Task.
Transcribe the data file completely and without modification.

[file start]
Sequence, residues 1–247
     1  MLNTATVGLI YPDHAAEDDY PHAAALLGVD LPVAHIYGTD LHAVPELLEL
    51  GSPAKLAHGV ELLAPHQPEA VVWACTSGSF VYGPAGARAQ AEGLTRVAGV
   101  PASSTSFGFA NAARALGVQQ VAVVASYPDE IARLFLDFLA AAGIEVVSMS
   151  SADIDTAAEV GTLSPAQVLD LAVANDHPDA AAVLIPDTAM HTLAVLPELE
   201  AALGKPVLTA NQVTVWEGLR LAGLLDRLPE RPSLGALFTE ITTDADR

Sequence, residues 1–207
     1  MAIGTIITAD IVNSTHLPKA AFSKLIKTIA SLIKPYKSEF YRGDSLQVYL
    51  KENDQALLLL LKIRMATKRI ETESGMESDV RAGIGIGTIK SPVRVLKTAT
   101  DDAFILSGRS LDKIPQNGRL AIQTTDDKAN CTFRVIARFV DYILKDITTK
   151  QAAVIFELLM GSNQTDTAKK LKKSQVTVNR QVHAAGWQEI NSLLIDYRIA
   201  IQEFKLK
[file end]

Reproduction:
Sequence, residues 1–247
     1  MLNTATVGLI YPDHAAEDDY PHAAALLGVD LPVAHIYGTD LHAVPELLEL
    51  GSPAKLAHGV ELLAPHQPEA VVWACTSGSF VYGPAGARAQ AEGLTRVAGV
   101  PASSTSFGFA NAARALGVQQ VAVVASYPDE IARLFLDFLA AAGIEVVSMS
   151  SADIDTAAEV GTLSPAQVLD LAVANDHPDA AAVLIPDTAM HTLAVLPELE
   201  AALGKPVLTA NQVTVWEGLR LAGLLDRLPE RPSLGALFTE ITTDADR

Sequence, residues 1–207
     1  MAIGTIITAD IVNSTHLPKA AFSKLIKTIA SLIKPYKSEF YRGDSLQVYL
    51  KENDQALLLL LKIRMATKRI ETESGMESDV RAGIGIGTIK SPVRVLKTAT
   101  DDAFILSGRS LDKIPQNGRL AIQTTDDKAN CTFRVIARFV DYILKDITTK
   151  QAAVIFELLM GSNQTDTAKK LKKSQVTVNR QVHAAGWQEI NSLLIDYRIA
   201  IQEFKLK